NOV 00] WARWICK ARTS CENTRE REVIEW - CITY OF BIRMINGHAM SYMPHONY
Cowhorn Gets A
Rare Outing With CBSO
never seen a cowhorn being played on stage before, nor did I think
they could sound so pleasant.
was one of the stranger moments in trumpeter Hakan Hardenberger’s
solo performance of Gruber’s Aerial concerto.
this was a decent-enough Haydn Symphony, No 104 in D, played with a
small and conventional orchestra.
the heavy artillery came out – xylophones, drums, gongs and more
double basses than you could shake a bow at.
appeared on stage with a mammoth collection of trumpets, cowhorns and
mutes, including one fixed to his stand so he could use it for
piece is a modern one and seems taxing to play, but it is absorbing.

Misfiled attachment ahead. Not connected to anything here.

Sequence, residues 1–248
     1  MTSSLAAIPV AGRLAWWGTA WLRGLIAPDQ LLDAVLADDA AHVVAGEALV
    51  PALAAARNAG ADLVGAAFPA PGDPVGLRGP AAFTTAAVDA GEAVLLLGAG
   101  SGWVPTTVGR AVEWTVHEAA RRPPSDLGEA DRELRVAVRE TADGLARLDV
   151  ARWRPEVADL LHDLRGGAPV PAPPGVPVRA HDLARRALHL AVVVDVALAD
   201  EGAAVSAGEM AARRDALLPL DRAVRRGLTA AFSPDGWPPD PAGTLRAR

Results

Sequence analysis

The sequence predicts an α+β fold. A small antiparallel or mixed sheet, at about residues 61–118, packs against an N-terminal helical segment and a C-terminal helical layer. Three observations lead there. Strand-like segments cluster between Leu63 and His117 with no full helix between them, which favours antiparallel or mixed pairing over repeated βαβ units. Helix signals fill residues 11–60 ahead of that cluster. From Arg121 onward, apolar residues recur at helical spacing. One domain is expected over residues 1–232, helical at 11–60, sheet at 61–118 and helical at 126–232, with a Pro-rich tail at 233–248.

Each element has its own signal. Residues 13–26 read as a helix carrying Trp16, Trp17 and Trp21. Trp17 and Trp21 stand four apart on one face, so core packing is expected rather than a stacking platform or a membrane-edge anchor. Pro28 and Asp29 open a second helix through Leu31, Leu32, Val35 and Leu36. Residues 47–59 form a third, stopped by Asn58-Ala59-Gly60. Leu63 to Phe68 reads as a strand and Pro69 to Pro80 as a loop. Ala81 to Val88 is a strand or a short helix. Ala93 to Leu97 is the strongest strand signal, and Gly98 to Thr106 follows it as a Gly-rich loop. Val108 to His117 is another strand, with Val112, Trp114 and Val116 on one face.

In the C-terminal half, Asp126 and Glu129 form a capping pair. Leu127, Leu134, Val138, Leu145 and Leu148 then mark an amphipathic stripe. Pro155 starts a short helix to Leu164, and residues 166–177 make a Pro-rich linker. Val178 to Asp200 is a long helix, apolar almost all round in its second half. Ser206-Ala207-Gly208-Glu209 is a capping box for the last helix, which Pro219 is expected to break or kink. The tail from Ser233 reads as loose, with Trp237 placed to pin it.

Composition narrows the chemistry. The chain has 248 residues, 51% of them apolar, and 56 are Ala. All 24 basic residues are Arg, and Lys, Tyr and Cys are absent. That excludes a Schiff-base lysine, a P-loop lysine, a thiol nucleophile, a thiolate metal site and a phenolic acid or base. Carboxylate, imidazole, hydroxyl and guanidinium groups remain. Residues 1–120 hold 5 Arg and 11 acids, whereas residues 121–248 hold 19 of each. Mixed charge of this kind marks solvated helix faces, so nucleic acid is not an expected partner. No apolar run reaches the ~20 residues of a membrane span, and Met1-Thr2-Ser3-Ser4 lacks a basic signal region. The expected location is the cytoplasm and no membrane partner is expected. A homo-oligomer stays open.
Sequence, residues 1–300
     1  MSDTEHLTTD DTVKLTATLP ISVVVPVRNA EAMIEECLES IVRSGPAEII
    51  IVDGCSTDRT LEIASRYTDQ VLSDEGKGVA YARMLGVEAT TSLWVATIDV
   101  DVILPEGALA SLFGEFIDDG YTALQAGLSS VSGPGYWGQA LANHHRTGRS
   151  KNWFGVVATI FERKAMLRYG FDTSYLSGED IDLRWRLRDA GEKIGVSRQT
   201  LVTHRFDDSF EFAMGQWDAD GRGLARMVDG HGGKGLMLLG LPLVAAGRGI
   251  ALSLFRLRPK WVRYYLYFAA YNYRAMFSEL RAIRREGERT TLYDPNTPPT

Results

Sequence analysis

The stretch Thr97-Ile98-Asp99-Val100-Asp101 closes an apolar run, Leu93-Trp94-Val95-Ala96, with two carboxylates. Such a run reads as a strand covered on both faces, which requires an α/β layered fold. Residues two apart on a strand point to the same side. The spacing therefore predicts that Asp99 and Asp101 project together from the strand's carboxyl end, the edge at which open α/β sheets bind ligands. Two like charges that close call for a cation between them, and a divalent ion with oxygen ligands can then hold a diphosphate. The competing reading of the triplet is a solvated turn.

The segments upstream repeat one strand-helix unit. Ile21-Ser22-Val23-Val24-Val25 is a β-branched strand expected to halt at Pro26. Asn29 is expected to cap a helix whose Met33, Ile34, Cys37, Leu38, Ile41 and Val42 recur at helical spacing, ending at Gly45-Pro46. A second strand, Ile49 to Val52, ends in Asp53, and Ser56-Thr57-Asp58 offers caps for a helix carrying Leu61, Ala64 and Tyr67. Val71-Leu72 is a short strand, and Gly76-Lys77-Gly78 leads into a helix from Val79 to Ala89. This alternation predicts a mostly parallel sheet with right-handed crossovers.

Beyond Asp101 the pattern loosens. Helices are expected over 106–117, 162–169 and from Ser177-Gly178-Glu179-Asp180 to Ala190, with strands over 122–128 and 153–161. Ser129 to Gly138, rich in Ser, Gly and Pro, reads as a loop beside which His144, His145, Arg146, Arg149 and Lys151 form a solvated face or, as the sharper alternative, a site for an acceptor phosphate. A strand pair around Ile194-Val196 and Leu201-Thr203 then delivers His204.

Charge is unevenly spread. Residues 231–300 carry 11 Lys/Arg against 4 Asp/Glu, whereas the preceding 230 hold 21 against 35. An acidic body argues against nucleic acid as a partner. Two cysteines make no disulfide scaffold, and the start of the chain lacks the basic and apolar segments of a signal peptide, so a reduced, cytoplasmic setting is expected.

It takes a long time to get going – the frequent tempo and changes
means it doesn’t get much momentum.
start with Hardenberger has to play some rather poor notes, a kind of
dreary raspy sound that sounded as if he was waking up.
certainly woke the audience up, most of them starting as it to wonder
if he really could play the trumpet.
Gruber scored this is anyone’s guess. The Latin for “play like
you’re a complete beginner” must have had even the most established of
musicians reaching for their dictionary.
it got going it was engrossing, with layers of sound building up to a
sudden climax. Hardenberger played his last note walking off the
stage, and put his trumpet down on the open piano strings. Those with
bat-like hearing could just pick out the note trailing off as it
reverberated off the piano.
that, conventionality resumed in the second half with Brahms Symphony
No 4 in E minor.
the Haydn it was nice enough, but contained no surprises. I contended
myself with watching the triangle player proudly stand up to play his
few beats after sitting motionless through the early movements.
the CBSO are still in a post-Simon Rattle void. There is less
flamboyance than there used to be, maybe the empty seats put them off.